On Tuesday, in a statement Boeing Co and the Royal Australian Air Force (RAAF) said, they had completed the first flight test on a pilotless fighter jet, designed to operate in conjunction with crewed aircraft.
The fighter jet, dubbed as the “Loyal Wingman”, is the first military aircraft to be designed and manufactured in Australia in more than 50 years. The flight test was under the supervision of a Boeing test pilot who monitored it from a ground control station in South Australia.
The Australian government has invested $31 million (A$40 million) in development of the pilotless fighter jet, which according to Boeing can be customized for other global customers.
The Loyal Wingman is 38 feet long (11.6 meters) has a 2,000 nautical mile (3,704 km) range and has a nose that can be removed to fit various payloads. It can also act as a shield to help protect manned fighter jets.
The development marks defense contractors increasingly foraying into autonomous technology with militaries around the world look for cost effective solutions to maximize resources.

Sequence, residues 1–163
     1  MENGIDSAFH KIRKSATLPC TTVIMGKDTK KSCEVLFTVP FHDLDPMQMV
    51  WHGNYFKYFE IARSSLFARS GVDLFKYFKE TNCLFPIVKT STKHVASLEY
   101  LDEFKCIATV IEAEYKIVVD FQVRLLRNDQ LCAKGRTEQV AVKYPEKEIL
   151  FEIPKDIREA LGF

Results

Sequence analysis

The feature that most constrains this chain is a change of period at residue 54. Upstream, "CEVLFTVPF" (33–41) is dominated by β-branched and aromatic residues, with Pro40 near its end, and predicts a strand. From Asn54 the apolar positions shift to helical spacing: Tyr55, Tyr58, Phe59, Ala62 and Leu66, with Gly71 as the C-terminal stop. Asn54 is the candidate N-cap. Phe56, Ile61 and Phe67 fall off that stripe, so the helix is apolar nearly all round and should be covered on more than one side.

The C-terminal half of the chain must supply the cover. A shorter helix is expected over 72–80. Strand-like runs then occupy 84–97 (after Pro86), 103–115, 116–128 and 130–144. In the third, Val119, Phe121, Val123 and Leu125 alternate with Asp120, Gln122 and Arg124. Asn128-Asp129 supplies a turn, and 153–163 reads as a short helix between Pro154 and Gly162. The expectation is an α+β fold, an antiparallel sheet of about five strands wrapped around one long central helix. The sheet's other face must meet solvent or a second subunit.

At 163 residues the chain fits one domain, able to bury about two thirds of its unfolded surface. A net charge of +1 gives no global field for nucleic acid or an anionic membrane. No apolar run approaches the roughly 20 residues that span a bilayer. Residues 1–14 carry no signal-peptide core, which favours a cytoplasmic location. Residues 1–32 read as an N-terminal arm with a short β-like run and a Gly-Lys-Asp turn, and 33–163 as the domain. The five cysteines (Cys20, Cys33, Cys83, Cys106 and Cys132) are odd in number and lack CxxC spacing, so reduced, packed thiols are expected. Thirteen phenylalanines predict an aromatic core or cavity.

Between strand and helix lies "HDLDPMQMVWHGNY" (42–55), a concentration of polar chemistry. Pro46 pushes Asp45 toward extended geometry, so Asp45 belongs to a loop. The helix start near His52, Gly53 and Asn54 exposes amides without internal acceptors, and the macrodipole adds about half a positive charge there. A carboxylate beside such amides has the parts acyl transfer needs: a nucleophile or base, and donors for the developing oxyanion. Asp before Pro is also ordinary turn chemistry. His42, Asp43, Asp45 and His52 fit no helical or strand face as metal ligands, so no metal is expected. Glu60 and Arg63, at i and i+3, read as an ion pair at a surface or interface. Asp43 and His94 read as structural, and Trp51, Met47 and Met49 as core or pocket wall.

Earlier this year in January, Britain signed a $42 million contract with the Belfast unit of Spirit AeroSystems for a similar type of pilotless aircraft which is scheduled to undergo a trial flight test in the next three years.
During the Australian flight test, the pilotless Loyal Wingman took off under its own power, flew on a pre-determined route at different speeds and altitudes, demonstrating its prowess in functionality and design performance.
The Loyal Wingman will be used as a foundation for Boeing’s Airpower Teaming System, a service that is being developed for various global defense customers.
Additional Loyal Wingman aircraft are also currently being developed, with plans for teaming flights scheduled for later this year. Previously, Boeing had said, up to 16 of the Loyal Wingman jets could be teamed with a crewed aircraft for missions.